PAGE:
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ed_olsen_gene
05-23-2006, 02:55 PM
what is Shakespeares religion? and how do you know?

Shortbread
05-23-2006, 05:21 PM
Well, is it really important?

I just supposed that he was anglican because he was favourite poet of Elizabeth Ist but that's only a suggestion as it was not a time for toleration even for poets.

I hope someone has a better answer than mine.

Gwenhwyfar2828
10-13-2006, 03:56 PM
he was C of E m'dear cause he was raised in my hometown & was baptised here too as *shock* C of E

ed_olsen_gene
10-23-2006, 07:43 PM
What do you mean, C of E? I'm at a loss... just for you to know im a stupid american.. so im unable to comply.:lol:

cuppajoe_9
10-23-2006, 09:01 PM
C of E is short for Church of England, the members of which are called Anglicans.

The plays sometimes make veiled references to the Catholic/Protestant struggle that so shaped the sixteenth and seventeenth centuries. In Hamlet for example, Old Hamlet is said to be locked in purgatory (which Protestants don't believe in) and Hamlet wonders whether or not he is simply a devil sent to decieve him (this is a controvertial interpretation, and I don't buy into it all that heavily). Shakespeare probably wasn't particularly religious; he references the ancient Greek and Roman gods at least as often as the modern Christian one.

akfarrar
10-24-2006, 07:44 AM
A) The Religion.

Most people who know anything about the Elizabethan and early Stuart period would agree that it is not a simple question and that the sort of evidence we need to answer the first part of the question doesn't exist.

When Elizabeth came to the throne, the official religion was changed (again) from Catholic to Protestant. Shakespeare's father must therefore have 'officially' changed his religion - and there is some evidence that he did so reluctantly, possibly hedging his bets. However, he was elected the equivalent of Mayor of Stratford-upon-Avon - which would have been difficult for a known Catholic to be!

About Shakespeare himself: We don't even know the exact date of his birth - and next to nothing about his personal religion, other than he was married and buried inside a church.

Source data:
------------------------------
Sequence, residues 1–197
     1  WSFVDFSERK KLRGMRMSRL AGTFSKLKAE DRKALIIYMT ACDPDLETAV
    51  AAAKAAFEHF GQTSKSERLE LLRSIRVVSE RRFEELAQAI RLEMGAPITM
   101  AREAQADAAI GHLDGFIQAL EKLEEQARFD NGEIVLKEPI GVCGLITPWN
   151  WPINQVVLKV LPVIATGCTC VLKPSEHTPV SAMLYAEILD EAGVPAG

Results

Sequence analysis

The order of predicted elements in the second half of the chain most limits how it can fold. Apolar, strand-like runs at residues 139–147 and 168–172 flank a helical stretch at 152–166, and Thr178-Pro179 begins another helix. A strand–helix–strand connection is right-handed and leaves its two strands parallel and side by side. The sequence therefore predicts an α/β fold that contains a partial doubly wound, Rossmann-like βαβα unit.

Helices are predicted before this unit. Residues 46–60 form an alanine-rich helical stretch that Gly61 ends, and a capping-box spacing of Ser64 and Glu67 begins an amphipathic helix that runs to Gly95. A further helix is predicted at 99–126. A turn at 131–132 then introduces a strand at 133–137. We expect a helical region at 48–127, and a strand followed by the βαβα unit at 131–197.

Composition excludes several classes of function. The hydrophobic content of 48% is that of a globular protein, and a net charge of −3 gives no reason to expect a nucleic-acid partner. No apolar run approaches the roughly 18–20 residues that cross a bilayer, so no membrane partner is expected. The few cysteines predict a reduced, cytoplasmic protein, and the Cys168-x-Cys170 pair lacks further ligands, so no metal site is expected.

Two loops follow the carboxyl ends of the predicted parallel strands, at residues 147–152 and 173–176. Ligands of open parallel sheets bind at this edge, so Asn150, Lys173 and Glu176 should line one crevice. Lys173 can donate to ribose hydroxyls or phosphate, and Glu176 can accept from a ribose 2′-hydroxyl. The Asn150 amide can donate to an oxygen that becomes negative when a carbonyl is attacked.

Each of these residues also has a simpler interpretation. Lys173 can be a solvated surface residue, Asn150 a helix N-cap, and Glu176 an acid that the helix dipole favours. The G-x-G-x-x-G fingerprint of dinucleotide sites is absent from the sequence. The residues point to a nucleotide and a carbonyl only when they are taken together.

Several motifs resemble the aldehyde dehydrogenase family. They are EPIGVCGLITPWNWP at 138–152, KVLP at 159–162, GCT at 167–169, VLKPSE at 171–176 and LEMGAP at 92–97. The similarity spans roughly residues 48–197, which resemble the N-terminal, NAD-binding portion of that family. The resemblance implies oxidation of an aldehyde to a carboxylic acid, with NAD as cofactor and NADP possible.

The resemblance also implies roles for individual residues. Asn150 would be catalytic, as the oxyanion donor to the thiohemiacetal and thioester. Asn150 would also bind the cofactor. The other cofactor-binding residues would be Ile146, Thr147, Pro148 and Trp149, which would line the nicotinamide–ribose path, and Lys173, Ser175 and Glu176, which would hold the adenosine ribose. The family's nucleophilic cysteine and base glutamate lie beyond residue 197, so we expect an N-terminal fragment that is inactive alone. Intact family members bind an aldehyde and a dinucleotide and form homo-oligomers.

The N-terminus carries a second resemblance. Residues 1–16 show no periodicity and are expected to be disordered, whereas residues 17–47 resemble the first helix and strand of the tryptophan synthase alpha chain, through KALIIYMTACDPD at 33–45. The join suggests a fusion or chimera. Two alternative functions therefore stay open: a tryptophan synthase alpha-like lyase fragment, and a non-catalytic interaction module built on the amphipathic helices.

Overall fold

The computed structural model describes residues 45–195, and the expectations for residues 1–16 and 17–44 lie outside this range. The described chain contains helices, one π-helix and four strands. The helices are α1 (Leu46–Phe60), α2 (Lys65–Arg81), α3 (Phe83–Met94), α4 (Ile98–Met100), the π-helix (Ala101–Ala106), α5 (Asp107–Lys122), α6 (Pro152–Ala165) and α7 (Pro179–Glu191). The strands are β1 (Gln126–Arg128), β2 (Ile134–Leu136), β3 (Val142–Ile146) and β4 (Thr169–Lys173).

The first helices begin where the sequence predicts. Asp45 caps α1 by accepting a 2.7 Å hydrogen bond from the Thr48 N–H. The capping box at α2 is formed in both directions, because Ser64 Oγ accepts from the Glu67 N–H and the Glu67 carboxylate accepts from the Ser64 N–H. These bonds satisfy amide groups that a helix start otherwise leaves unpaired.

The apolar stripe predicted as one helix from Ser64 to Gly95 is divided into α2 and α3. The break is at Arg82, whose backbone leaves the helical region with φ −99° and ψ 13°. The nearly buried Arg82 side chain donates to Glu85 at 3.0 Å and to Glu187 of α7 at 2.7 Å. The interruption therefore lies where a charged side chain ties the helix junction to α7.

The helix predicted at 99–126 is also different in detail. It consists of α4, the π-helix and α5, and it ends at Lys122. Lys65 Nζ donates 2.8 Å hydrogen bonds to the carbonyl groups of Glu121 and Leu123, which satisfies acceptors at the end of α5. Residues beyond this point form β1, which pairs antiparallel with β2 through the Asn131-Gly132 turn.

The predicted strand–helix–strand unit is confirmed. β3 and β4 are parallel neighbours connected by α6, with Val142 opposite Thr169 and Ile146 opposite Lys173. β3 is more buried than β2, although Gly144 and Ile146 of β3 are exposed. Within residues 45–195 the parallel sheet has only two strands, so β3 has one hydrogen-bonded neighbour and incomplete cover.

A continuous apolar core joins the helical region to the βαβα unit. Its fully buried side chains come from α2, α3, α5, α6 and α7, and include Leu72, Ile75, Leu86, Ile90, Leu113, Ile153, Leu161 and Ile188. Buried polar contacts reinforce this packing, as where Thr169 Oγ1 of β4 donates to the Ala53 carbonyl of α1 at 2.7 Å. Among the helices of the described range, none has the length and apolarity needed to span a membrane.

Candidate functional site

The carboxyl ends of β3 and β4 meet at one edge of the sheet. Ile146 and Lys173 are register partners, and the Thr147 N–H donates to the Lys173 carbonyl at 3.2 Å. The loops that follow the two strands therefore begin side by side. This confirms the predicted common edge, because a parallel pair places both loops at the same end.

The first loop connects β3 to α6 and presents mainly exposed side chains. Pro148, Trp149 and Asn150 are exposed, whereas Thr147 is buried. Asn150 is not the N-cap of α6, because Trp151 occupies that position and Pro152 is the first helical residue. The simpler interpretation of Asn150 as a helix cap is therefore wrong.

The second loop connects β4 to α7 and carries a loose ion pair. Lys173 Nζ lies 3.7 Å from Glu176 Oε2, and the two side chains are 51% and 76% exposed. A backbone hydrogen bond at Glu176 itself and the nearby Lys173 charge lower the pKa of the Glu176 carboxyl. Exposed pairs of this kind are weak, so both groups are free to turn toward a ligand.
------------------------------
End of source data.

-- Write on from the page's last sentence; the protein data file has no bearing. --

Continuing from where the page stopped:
What is known is that Shakespeare was almost certainly a Christian - forget the atheism claims - and almost as certainly a Protestant - an Anglican one at that.

Germaine Greer (bbke) in her (excellent) SHAKESPEARE: A Very Short Introduction, makes the point that he presented 'Protestant Ideology' in many of his plays, including the Protestant ideology of marriage in Romeo and Juliet and the Merry Wives of Windsor.

There have been attempts to claim Shakespeare for the Catholic Church - the most glaring recent example in the UK being Michael Woods, In Search Of Shakespeare, but the case requires considerable faith, and has little hard fact to support it.

(As an aside, it never ceases to amaze me the extremes people will go to, to 'prove' Shakespeare wasn't Shakespeare: No one has yet claimed, to my knowledge, that his plays were written by an Inuit living on an ice cap whilst fighting off Polar Beers, but the time will come: Mind you, some people believe that the earth is flat and the moon made of cream cheese.)

B) Does it matter?

Yes, and no.

1. Yes.

To understand what Shakespeare meant when he wrote plays like Romeo and Juliet, Hamlet and Merchant of Venice, knowing the belief system he is working under is essential.

As a simple example, take the ghost in Hamlet - to a Protestant, the ghost is a messenger of the devil - a temptation to evil and sin. There is no 'Purgatory' - many sermons had been preached against this belief in Elizabeth's Anglican churches - and the ghost's claims are therefore a lie. Hamlet had studied at Wittenburg - the home of Protestantism - and the doubts which prevent him from acting are totally justified - the devil is tempting Hamlet to the great sin of killing a king.

To a Catholic, Purgatory existed - and the ghost could be a real spirit of his father. Hamlet's doubts therefore become less justified, etc., etc.

Looking at the plays through the lens of Anglican Protestantism makes a lot of sense and solves several important issues – and it would be almost impossible for Shakespeare to have hidden ‘Catholic Doctrine’ in such publicly performed works, even if he had wanted to.

If you are studying the plays, some knowledge of what was originally meant can be a very useful way of introducing the issues and characters.

BUT:

2. No, Shakespeare’s religion is irrelevant.

We are dealing with a play text, and no matter what was originally intended, we can (I would say must) add and change to make the words relevant to our world, our thoughts and our beliefs. (See my post on Empty Spaces)

Why else is Shakespeare not only ‘acceptable’ but truthful in many parts of the world which are not Christian?

Not only that, Shakespeare himself never intended to give answers – he was raising issues, asking questions, and frequently presenting two truths at once!
This is the, ‘negative capability’ Keats identified – the ability to present conflicting arguments at the same time.

If we want to be entertained, stimulated, thrilled by a performance of the works of Shakespeare, the religion of the ‘original’ can be an irrelevance, or worse.

#57
12-10-2006, 03:10 PM
I just checked an internet web page and it turns out that Willy's Family was forced to be Protestant by Queen Lizzy I.:( But some articles were recently found stating the families standing as Catholic.

ed_olsen_gene
12-13-2006, 12:46 PM
That is most interesting... what web search bowser do you use... Because my google browser came up with nothing...:(